The current violence pits Haftar's self-styled Libyan National Army, which backs a rival government in the east of the country, against an array of militias that support the Tripoli administration.
The Libyan commander has modelled his political style of authoritarian leadership after El-Sisi, himself an army general turned president.
Egypt has in the past blamed Libyan-based militants for a series of cross-border attacks against its security forces and minority Christians traveling to remote desert monasteries.
The UN-backed GNA later issued a statement saying that it had downed a military jet belonging to the Eastern forces after it attacked the positions of its forces.
The intense fights near the capital have so far killed 121 people and wounded 561, the World Health Organization said.
Haftar has defied global calls to halt his battle against fighters loyal to the UN-backed Government of National Accord based in Tripoli.
Since the ouster and killing of former Libyan leader Muammar Gaddafi in 2011, Libyan factions have been engaged in a civil war that escalated in 2014, resulting in splitting power between two rival governments in the northwestern city of Tripoli and the northeastern city of Tobruk respectively.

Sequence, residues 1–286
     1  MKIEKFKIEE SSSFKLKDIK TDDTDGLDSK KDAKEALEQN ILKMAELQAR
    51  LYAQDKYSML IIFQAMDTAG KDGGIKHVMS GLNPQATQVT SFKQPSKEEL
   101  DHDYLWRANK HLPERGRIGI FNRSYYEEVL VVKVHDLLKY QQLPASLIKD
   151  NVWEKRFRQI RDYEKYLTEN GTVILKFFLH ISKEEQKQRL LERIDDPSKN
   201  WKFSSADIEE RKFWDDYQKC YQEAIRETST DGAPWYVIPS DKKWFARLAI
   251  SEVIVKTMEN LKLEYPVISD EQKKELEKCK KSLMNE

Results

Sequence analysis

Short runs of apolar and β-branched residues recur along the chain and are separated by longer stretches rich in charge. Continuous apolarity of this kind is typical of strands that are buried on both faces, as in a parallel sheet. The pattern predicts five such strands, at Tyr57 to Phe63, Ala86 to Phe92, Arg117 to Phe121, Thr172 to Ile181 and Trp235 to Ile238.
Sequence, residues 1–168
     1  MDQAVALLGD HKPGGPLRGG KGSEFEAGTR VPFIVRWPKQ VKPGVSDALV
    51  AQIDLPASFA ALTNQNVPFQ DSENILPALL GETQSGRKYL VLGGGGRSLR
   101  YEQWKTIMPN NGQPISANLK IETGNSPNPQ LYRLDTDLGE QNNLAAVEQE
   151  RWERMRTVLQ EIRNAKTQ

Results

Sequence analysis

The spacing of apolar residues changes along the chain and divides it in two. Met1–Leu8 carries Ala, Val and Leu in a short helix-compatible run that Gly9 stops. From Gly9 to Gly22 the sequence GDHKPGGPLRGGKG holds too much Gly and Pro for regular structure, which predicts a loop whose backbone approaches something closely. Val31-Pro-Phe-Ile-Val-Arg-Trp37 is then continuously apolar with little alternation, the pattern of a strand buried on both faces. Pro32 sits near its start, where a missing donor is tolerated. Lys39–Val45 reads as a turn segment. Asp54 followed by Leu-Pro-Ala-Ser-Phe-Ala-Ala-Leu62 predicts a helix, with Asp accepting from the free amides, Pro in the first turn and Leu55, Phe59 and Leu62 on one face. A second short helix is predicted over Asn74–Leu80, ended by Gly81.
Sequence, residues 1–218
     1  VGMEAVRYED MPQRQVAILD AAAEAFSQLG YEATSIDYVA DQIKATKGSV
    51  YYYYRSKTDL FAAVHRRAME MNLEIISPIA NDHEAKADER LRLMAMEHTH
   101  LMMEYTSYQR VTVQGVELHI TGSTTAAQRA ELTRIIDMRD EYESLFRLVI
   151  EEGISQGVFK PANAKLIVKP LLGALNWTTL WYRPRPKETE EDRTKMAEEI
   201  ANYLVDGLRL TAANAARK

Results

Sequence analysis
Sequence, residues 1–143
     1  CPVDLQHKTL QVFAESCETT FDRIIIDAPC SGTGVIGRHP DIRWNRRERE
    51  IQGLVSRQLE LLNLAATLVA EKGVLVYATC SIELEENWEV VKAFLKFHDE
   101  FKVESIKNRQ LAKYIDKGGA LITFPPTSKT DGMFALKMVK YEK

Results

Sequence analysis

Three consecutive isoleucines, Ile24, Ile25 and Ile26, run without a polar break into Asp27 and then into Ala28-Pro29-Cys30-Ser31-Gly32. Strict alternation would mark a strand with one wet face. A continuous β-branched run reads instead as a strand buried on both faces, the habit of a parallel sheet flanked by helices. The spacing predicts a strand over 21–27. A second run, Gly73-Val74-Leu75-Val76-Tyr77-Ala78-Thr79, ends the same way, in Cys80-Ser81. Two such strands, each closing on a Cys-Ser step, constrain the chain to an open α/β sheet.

WHO's Libya account said on Twitter the organisation was sending medical supplies and more staff to Tripoli, while denouncing "repeated attacks on health care workers, vehicles" during the fighting which began on 4 April.
In addition to ground fighting, both sides conduct daily air raids and accuse each other of targeting civilians.
More than 13,500 people had been displaced by the clashes, while more than 900 residents are living in shelters, according to the UN's office for humanitarian affairs, or OCHA.
United Nations envoy Ghassan Salame said a school was bombed in the town of Ain Zara, around 15 kilometres southeast of Tripoli, without saying who was responsible.